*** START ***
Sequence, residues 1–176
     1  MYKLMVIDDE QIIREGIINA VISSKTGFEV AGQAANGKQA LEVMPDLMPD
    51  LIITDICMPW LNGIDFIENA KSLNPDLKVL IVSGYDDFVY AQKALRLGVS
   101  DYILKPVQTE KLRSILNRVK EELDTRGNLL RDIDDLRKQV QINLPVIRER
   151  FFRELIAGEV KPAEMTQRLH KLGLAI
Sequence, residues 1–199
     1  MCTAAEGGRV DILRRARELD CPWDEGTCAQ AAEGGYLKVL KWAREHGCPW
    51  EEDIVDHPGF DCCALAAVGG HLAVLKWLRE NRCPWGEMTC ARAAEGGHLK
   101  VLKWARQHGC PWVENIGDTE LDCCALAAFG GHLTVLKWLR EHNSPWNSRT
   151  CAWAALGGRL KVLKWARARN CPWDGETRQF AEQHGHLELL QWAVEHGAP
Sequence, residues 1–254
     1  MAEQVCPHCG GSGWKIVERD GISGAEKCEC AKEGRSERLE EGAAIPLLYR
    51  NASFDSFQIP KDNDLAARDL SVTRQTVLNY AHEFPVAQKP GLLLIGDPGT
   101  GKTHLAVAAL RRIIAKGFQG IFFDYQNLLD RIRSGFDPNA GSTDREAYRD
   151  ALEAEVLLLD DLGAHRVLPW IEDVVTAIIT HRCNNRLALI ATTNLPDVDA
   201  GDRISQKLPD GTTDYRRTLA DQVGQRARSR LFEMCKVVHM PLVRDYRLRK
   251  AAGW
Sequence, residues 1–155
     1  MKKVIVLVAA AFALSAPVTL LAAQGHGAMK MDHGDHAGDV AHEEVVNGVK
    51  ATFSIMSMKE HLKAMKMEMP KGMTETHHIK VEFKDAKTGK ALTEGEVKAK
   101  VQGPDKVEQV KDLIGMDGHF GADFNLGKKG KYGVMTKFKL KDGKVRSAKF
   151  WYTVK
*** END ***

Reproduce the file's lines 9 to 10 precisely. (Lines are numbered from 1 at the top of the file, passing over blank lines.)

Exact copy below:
   101  VLKWARQHGC PWVENIGDTE LDCCALAAFG GHLTVLKWLR EHNSPWNSRT
   151  CAWAALGGRL KVLKWARARN CPWDGETRQF AEQHGHLELL QWAVEHGAP